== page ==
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Chicken tikka masala inventor dies aged 77

A chef from Glasgow, who claims to have invented the curry dish chicken tikka masala, has died at the age of 77, a family member told AFP on Wednesday.

Ahmed Aslam Ali, who invented the dish by improvising a sauce made from a tin of tomato soup at his restaurant Shish Mahal in the 1970s, died on Monday morning, his nephew Andleeb Ahmed said.
“He would eat lunch in his restaurant every day,” Ahmed said.

“The restaurant was his life. The chefs would make curry for him. I am not sure if he often ate chicken tikka masala.”

Ahmed said his uncle was a perfectionist and highly driven.

“Last year he was unwell and I went to see him in hospital on Christmas Day,” Ahmed said.

“His head was slumped down. I stayed for 10 minutes. Before I left, he lifted his head and said you should be at work.”

In an interview with AFP in 2009, Ali said he came up with the recipe for chicken tikka masala after a customer complained that his chicken tikka was too dry.
“Chicken tikka masala was invented in this restaurant, we used to make chicken tikka, and one day a customer said, ‘I’d take some sauce with that, this is a bit dry’,” Ali said.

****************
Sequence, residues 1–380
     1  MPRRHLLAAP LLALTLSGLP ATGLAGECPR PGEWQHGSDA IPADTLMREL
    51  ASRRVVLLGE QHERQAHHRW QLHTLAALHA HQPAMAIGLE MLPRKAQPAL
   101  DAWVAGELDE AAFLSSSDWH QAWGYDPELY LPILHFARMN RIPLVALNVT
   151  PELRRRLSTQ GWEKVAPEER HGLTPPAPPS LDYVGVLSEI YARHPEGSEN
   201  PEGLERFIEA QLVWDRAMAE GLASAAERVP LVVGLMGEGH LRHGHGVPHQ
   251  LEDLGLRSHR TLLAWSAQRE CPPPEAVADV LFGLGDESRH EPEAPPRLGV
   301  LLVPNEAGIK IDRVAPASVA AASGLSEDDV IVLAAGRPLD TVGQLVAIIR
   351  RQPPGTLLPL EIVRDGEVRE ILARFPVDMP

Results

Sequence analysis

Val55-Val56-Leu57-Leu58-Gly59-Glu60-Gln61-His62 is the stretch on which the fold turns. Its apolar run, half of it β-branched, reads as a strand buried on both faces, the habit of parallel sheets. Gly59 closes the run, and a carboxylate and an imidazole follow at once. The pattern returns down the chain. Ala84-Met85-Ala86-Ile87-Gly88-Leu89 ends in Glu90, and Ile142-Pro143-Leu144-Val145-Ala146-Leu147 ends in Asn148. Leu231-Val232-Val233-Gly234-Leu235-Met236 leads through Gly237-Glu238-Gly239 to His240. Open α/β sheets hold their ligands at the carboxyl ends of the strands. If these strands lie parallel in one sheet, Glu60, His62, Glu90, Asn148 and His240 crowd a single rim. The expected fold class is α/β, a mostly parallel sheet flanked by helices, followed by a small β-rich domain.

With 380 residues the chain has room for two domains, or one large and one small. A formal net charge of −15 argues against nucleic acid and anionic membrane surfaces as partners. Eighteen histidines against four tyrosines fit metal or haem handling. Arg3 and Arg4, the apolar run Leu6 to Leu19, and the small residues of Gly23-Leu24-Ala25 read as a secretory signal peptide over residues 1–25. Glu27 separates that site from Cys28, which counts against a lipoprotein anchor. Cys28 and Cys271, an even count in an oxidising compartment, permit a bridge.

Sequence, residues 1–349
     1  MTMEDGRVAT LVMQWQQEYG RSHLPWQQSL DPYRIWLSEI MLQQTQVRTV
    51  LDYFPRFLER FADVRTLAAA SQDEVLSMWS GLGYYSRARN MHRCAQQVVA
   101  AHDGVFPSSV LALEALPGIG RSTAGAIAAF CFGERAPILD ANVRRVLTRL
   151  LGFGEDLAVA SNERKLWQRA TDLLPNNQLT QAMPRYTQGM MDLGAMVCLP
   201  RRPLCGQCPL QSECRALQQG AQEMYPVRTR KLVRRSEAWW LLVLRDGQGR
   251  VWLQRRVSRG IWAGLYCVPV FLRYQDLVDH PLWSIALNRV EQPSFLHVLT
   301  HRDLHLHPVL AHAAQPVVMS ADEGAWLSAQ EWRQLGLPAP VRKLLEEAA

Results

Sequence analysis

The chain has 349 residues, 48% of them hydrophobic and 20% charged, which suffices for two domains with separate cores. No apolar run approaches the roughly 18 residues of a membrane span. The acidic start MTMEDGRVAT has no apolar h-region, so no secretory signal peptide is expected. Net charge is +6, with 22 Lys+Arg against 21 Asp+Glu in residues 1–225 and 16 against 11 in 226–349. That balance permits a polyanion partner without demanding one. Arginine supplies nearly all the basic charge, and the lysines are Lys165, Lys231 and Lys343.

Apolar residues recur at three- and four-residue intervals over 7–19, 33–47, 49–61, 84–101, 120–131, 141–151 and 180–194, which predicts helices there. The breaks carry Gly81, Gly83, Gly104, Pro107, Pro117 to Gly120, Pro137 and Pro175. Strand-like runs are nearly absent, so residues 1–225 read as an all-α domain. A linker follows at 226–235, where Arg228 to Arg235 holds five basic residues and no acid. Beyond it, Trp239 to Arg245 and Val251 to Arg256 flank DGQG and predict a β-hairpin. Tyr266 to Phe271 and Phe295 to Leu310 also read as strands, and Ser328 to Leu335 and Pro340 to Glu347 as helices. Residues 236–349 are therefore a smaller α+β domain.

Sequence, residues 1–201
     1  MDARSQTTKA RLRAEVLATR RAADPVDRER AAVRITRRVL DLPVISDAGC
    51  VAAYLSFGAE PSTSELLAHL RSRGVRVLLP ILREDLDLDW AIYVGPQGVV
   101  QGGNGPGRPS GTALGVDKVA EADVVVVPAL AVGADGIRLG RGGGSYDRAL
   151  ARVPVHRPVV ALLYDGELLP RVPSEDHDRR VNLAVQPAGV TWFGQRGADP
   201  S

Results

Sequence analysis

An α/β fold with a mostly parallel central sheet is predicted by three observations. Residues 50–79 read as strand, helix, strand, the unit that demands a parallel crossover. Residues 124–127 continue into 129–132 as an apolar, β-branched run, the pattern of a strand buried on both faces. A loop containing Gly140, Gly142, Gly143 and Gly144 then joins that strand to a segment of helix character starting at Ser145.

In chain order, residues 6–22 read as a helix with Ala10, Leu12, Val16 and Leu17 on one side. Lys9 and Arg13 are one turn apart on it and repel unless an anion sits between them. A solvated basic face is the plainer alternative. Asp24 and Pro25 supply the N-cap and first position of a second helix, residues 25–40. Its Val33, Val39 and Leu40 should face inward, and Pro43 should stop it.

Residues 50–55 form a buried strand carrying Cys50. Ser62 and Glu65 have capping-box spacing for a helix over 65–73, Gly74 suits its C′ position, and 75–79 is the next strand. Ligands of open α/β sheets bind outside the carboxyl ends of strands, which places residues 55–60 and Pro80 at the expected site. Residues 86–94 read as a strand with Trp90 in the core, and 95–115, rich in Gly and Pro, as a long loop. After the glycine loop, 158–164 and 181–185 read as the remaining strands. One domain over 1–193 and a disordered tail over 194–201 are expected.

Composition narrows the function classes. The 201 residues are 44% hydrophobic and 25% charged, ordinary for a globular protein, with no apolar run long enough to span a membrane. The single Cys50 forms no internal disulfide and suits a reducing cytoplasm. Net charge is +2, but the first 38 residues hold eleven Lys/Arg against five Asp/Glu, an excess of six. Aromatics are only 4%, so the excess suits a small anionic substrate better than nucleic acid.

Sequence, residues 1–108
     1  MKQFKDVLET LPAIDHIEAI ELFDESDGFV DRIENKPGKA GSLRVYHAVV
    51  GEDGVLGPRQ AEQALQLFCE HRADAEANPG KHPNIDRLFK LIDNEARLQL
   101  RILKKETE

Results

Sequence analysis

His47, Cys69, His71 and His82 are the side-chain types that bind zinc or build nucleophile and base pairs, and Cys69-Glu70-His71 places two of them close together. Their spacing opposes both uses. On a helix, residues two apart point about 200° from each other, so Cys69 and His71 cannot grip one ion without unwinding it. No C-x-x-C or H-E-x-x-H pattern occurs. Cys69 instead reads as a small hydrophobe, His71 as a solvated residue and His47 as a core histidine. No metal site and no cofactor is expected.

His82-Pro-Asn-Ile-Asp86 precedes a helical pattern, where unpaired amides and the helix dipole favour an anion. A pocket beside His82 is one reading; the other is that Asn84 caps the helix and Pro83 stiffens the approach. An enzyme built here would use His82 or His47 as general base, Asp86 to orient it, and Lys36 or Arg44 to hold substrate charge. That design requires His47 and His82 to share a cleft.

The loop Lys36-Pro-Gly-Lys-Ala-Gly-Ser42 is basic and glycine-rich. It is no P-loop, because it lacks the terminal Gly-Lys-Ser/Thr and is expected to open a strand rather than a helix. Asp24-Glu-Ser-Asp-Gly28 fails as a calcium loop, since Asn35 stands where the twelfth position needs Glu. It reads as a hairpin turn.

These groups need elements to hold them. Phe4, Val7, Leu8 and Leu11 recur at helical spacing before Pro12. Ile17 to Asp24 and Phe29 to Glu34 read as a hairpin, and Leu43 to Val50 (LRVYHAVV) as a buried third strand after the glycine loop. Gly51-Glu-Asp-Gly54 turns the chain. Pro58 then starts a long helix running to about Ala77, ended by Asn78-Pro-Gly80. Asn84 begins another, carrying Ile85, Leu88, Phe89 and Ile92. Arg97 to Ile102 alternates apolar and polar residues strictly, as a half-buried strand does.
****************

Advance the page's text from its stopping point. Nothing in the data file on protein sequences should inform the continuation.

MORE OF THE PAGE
“We thought we’d better cook the chicken with some sauce. So from here we cooked chicken tikka with the sauce that contains yogurt, cream, spices.”

The dish went on to become the most popular dish in British restaurants.

Although it is difficult to prove definitively where the dish originated, it is generally regarded as a curry adapted to suit Western tastes.

Ali said the chicken tikka masala is prepared according to customer taste.

“Usually they don’t take hot curry, that’s why we cook it with yogurt and cream,” he said.

Supporters of the campaign to grant the dish protected status point to the fact that former foreign minister Robin Cook once described it as a crucial part of British culture.

“Chicken tikka masala is now a true British national dish, not only because it is the most popular, but because it is a perfect illustration of the way Britain absorbs and adapts external influences,” Cook said in a 2001 speech on British identity.

Ali, originally from Punjab province in Pakistan, moved with his family to Glasgow as a young boy before opening Shish Mahal in Glasgow’s west end in 1964.

He said he wanted the dish to be a gift to Glasgow, to give something back to his adopted city.

In 2009, he campaigned unsuccessfully for the dish to be granted “Protected Designation of Origin” status by the European Union, alongside the likes of Champagne, Parma Ham and Greek Feta cheese.

MP Mohammad Sarwar tabled a motion in the House of Commons in 2009 calling for EU protection.

Ali leaves a wife, three sons and two daughters.